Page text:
Gisborne baby to have open-heart surgery
A Gisborne baby will have her heart made whole again during open-heart surgery at the end of the month.
Today, Valentine's Day, is also Little Heart Day to recognise the 12 babies born every week in New Zealand with a heart defect.
Shiloh McMillan is nearly 11 months old. Her parents Charlotte, 25, and Neil McMillan, 24, were told during a routine scan their daughter would have heart problems. Tests later confirmed those problems would be major.
Shiloh was born with two holes in her heart, and the left side is smaller than the right.
She has major heart surgery booked for February 27. This operation will be the reconstruction of her heart.
During surgery Shiloh's heart will be taken out, she will be placed on life support, and surgeons will make her heart whole again before they place it back inside Shiloh.
“Basically it is making it into one whole heart. So that's pretty scary.”
Charlotte says she and her husband will go for a long walk during the surgery as they will be unable to sit still.
The worry takes a toll on the whole family, who have good days and bad days,
“I've had a few visits to the doctor myself” says Charlotte who says her family have been a major support.
Her mother started up a Givealittle page back in November. So far almost $8000 has been raised.
“I have days where my heart breaks watching her play, then days when I am so grateful she is mine. I go up and down a lot.”
Shiloh's paediatrician advised her parents once this surgery was over that is not the end of it.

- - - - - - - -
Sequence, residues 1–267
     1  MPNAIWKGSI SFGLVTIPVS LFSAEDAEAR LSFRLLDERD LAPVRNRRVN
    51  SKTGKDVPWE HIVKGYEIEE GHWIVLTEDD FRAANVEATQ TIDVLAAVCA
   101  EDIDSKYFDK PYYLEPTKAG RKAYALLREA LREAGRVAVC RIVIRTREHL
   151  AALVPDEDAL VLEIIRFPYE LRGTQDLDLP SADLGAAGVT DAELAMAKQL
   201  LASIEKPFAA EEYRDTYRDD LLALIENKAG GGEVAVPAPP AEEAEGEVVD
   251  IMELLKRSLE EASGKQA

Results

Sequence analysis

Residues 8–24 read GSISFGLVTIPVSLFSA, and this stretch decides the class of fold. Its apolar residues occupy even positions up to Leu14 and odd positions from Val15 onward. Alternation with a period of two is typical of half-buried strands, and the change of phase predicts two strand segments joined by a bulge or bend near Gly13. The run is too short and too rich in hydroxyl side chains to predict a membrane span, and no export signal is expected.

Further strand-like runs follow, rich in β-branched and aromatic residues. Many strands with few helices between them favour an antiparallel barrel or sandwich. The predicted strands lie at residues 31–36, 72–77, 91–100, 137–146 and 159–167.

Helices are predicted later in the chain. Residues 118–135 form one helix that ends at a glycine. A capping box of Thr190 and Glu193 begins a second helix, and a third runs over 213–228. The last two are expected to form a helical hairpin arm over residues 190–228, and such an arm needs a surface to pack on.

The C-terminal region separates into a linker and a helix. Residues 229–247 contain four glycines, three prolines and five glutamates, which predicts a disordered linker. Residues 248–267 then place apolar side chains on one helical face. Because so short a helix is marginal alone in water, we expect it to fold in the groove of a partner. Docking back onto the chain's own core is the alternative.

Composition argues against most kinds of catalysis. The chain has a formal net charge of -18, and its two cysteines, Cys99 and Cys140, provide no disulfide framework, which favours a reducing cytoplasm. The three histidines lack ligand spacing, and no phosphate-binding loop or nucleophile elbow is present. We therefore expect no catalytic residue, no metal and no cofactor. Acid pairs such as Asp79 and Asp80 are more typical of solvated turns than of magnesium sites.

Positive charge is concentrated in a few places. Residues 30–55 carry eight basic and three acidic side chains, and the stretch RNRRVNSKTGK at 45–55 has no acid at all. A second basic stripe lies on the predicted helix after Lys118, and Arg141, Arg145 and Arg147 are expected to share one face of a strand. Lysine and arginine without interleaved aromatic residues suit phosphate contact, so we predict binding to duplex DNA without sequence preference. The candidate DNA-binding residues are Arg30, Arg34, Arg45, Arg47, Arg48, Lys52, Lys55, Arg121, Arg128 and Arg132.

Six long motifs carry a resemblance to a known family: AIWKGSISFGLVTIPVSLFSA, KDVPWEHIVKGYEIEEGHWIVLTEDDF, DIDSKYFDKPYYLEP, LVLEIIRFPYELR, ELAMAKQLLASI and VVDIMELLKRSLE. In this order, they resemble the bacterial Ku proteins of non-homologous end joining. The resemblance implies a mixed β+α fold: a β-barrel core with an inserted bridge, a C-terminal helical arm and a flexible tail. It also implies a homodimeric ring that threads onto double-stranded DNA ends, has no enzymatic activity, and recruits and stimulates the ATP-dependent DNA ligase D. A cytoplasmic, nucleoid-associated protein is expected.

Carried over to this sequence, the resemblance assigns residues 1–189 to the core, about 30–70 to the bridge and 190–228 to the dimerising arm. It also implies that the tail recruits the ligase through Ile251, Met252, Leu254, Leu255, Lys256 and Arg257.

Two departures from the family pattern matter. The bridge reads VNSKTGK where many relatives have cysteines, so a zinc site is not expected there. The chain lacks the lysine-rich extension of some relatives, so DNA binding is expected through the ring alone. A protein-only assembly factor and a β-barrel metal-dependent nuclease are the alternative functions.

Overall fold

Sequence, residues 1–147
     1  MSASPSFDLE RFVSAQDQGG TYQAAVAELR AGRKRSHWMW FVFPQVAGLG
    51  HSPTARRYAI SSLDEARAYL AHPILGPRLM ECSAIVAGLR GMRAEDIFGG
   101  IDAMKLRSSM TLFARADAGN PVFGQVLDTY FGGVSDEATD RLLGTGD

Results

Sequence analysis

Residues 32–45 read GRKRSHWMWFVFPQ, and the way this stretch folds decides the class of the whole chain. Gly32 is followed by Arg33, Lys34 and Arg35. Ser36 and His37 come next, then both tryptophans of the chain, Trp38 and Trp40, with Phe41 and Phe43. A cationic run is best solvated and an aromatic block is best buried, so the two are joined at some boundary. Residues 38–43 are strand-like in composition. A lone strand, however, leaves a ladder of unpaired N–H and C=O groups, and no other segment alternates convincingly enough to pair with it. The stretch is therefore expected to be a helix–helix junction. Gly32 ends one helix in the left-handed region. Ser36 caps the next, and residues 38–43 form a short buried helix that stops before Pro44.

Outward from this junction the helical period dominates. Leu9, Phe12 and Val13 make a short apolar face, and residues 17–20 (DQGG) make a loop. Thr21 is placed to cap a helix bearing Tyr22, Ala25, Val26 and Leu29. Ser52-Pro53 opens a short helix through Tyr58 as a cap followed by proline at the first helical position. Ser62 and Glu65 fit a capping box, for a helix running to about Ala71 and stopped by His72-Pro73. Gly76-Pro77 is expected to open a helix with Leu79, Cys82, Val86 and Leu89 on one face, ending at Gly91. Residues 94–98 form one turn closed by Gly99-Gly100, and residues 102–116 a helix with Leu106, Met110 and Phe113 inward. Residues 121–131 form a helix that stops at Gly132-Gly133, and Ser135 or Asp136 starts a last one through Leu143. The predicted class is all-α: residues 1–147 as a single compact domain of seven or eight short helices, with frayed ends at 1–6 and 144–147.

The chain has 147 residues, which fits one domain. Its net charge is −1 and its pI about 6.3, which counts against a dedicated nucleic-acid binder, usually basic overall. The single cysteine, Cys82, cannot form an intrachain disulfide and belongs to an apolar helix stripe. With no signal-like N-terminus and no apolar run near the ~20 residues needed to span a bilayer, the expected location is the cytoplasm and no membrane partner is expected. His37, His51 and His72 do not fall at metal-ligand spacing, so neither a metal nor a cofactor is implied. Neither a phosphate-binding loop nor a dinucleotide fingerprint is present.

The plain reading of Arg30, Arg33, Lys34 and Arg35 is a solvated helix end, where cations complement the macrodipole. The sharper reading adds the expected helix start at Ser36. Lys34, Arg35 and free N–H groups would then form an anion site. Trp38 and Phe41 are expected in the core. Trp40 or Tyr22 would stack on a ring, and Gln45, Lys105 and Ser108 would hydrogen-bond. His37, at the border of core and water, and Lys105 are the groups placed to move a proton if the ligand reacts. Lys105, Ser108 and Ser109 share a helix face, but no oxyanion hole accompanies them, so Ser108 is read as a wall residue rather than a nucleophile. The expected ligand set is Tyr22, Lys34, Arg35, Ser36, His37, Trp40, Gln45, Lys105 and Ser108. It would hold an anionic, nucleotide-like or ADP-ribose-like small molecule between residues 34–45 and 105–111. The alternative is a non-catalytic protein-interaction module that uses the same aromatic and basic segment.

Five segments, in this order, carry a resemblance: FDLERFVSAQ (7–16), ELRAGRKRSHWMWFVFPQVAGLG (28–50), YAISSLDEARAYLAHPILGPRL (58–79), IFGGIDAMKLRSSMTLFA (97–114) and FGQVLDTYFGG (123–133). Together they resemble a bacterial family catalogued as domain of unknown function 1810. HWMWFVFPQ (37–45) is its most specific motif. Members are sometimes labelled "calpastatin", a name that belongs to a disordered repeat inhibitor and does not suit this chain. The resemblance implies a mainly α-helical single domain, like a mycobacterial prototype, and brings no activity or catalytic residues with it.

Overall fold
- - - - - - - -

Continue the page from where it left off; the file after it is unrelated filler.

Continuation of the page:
“There will be lifelong check-ups for Shiloh and maybe further surgery at three or four years old. She is never going to be sporty because she does not have the respiratory ability.
“All her little developments are major milestones for us even if they are a bit delayed. We think everything she does do is amazing after everything she has been through.
“I look at other children the same age who are talking and almost walking. Shiloh doesn't do that yet. We are happy if she rolls over once or twice — we're like, ‘wow!'”
Any money raised will go towards helping Shiloh be comfortable, and towards her care.
For example, she overheats a lot, so an air conditioner to help keep her cool would be good.
Charlotte says she would also love to get a device that goes under her cot mattress to monitor her breathing.
“She is a delicate wee thing.”
At six weeks old Shiloh had her first surgery at Starship Hospital in Auckland. A band was put around an artery to reduce blood flow, as one of the issues was that blood was going in the wrong direction.
A nasal gastric tube was also fitted, which Shiloh still has today.
She is also tube fed because a food aversion causes her to vomit even at the smell of food.
Charlotte and Neil were both shown how to give Shiloh food through a machine they have at home, and also how to re-insert the tube if it gets pulled out.
They expect to be away from home for a month after the surgery on February 27.
Neil works as a carpenter at McCannics, who have been “very supportive” about giving him the time off he needs,
Charlotte says New Zealand is “amazing” what it can offer medically, but that some medications are not covered by public health.
Plus being away from home, and work, for a month, is costly.
They're not “out there” people, says Charlotte. Asking for help is hard but already they have been humbled by those who have donated.
Charlotte's mum sent out a few emails late last year and the family was stunned and excited when they got $5000 from Mazda, which makes up a big chunk of the $7882 already raised.
■ To donate to Shiloh go to www.givealittle.co.nz/cause/shilohs-heart-fund-shes-a-little-trooper